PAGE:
That’s why I’m happy to review this tea.
Dobashien is a tea company with more than 100 years of history.
This tea is a fukamashi sencha made in Shizuoka prefecture.
Furthermore, it’s from the spring harvest.
What will it taste like?
The aroma is very fresh and sweet, with citrus notes.
It does feel like a high quality green tea.
The tea leaves are mostly broken, although some intact ones remain.
Broken tea leaves are normal for this type of tea.
The deep steaming makes them very fragile.
I think that it may be a blend, because some of them are much thinner than the others.
I’ll prepare it with 1 teaspoon of tea leaves, 60 ml of water (2 oz) at 80 ºC (176ºF), and with an infusion time of 40 seconds.
The wet leaves have a deeply vegetal fragrance, with marine notes.
It also smells fresh and lightly sweet.
While it’s hard to explain the exact aroma in words, I can feel that it’s definitely different than the one from a sencha made with Yabukita.
The liquor is green, with sediment.
It looks as if it was a thick liquid.
I do hope that it is brothy and concentrated, but without losing balance.
Enough talking, I’ll just taste it.
Much body, with high umami.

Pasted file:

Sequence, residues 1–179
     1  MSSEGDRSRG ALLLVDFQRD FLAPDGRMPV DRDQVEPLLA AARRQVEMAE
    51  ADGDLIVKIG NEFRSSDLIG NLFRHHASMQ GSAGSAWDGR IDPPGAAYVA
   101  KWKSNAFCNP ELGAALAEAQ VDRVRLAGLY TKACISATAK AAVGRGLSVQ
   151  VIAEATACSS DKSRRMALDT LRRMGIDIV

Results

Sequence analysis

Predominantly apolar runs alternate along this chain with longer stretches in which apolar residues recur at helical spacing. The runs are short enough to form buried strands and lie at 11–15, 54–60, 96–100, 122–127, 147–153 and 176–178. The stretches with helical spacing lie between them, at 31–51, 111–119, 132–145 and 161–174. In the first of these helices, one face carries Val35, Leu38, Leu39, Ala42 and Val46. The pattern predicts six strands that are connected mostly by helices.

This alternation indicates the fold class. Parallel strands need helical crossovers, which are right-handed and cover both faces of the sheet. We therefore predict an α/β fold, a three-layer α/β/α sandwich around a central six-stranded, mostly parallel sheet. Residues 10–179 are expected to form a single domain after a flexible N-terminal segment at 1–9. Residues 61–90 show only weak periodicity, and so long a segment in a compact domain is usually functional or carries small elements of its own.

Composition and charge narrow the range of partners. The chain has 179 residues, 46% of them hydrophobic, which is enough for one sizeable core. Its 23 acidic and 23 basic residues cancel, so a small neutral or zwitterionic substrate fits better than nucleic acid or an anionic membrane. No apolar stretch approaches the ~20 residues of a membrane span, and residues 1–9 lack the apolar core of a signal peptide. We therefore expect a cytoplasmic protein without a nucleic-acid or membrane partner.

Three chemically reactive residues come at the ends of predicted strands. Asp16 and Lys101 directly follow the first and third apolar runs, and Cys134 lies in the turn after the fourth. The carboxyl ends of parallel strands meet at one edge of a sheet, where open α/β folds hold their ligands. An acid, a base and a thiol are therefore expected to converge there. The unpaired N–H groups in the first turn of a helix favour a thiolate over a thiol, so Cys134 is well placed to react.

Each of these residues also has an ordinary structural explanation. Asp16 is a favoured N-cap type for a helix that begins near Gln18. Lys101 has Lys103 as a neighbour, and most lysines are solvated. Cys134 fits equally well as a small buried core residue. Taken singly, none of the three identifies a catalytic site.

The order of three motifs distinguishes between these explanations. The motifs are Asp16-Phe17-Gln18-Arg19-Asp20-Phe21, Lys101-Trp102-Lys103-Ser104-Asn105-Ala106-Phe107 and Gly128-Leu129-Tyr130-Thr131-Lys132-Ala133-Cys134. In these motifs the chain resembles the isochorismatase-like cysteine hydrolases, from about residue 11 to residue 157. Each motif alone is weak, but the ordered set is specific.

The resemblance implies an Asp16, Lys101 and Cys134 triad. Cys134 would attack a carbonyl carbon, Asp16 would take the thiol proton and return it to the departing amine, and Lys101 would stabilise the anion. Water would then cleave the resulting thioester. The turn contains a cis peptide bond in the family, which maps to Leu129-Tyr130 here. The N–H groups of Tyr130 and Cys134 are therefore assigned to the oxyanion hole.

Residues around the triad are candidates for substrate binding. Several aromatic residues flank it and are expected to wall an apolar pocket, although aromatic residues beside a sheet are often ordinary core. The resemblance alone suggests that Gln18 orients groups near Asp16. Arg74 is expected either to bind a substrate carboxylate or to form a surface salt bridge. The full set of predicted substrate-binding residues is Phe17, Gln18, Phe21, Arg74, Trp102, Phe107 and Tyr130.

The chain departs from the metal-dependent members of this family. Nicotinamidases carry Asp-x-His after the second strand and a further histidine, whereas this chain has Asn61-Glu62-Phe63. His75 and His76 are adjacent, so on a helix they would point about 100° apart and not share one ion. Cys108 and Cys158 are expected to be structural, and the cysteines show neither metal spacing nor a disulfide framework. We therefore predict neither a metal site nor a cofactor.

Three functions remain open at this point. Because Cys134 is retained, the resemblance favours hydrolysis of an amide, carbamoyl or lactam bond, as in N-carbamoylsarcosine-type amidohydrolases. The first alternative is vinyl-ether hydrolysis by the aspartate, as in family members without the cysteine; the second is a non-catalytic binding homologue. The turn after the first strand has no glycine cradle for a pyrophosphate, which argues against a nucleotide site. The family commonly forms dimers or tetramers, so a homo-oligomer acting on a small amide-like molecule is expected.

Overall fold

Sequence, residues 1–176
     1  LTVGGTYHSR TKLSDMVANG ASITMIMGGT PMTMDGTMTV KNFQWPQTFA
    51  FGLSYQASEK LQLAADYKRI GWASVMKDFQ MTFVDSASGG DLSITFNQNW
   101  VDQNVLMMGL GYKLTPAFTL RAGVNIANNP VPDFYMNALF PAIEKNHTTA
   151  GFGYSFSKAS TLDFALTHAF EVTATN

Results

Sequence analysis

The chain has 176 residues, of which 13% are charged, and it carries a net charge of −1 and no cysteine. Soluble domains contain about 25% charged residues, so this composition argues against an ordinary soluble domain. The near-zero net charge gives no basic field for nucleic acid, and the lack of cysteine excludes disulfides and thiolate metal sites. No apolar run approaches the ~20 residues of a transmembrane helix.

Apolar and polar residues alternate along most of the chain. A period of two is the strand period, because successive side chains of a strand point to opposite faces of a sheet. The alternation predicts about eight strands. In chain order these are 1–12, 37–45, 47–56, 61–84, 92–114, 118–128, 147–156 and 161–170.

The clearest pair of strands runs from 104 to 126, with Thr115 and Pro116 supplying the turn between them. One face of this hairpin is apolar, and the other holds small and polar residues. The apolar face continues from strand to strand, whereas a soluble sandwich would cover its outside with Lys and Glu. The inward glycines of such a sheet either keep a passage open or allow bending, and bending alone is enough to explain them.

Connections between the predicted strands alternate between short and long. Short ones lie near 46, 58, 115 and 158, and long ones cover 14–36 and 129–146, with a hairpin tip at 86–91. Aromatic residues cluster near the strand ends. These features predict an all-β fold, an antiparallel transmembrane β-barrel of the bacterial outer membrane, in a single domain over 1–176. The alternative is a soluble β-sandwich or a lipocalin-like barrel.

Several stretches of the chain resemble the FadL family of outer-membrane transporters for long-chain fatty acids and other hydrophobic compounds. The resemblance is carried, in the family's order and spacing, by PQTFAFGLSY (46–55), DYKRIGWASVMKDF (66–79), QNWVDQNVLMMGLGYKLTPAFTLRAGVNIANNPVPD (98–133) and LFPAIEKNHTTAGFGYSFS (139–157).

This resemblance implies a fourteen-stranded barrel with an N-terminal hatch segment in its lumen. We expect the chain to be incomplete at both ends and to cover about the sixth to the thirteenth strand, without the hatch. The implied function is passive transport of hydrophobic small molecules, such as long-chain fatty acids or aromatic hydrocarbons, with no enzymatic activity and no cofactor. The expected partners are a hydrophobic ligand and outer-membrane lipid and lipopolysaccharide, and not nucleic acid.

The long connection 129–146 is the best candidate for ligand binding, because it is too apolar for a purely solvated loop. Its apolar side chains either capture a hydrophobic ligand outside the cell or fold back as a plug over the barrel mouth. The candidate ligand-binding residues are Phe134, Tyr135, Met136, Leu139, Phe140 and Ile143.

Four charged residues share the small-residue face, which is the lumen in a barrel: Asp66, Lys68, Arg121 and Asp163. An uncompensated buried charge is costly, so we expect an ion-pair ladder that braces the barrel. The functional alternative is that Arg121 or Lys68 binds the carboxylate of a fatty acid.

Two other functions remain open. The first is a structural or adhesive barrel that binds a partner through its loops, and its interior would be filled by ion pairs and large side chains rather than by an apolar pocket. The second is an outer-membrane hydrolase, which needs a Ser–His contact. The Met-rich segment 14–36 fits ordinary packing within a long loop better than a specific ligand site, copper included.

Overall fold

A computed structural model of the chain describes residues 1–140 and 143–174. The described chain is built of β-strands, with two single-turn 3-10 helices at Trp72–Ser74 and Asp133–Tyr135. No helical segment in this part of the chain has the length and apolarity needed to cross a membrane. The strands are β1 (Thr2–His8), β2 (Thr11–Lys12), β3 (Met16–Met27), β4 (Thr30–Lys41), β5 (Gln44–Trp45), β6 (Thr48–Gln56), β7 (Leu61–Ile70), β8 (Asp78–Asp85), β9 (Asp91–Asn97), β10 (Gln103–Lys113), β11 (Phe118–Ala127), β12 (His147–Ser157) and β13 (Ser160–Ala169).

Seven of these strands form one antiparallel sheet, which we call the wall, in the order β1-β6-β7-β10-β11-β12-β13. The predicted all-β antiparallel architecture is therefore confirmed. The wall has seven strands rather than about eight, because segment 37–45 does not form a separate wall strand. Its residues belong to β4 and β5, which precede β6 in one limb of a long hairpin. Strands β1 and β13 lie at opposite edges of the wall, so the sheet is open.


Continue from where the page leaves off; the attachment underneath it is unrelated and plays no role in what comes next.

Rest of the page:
Also a fresh and long aftertaste.
This isn’t bitter nor astringent at all.
A delicious green tea.
Now it’s time for the second infusion.
Same parameters, except that the time was halved. 20 seconds.
The liquor has about the same color.
There’s still umami taste, and no bitterness nor astringency.
I used 10 seconds for the third infusion.
A darker liquor, but much less umami taste.
At least it still isn’t bitter nor astringent.
To get the rest of the flavor out, I made the last infusion with boiling water.
Just 5 seconds.
This time it did became slightly astringent.
It’s light in flavor. But drinkable.
I enjoyed the experience.
But it isn’t over yet.
Now I’ll eat a small amount of the spent leaves.
They aren’t bitter at all. It’s a fine green tea.
Here’s the link to the tea in Yunomi.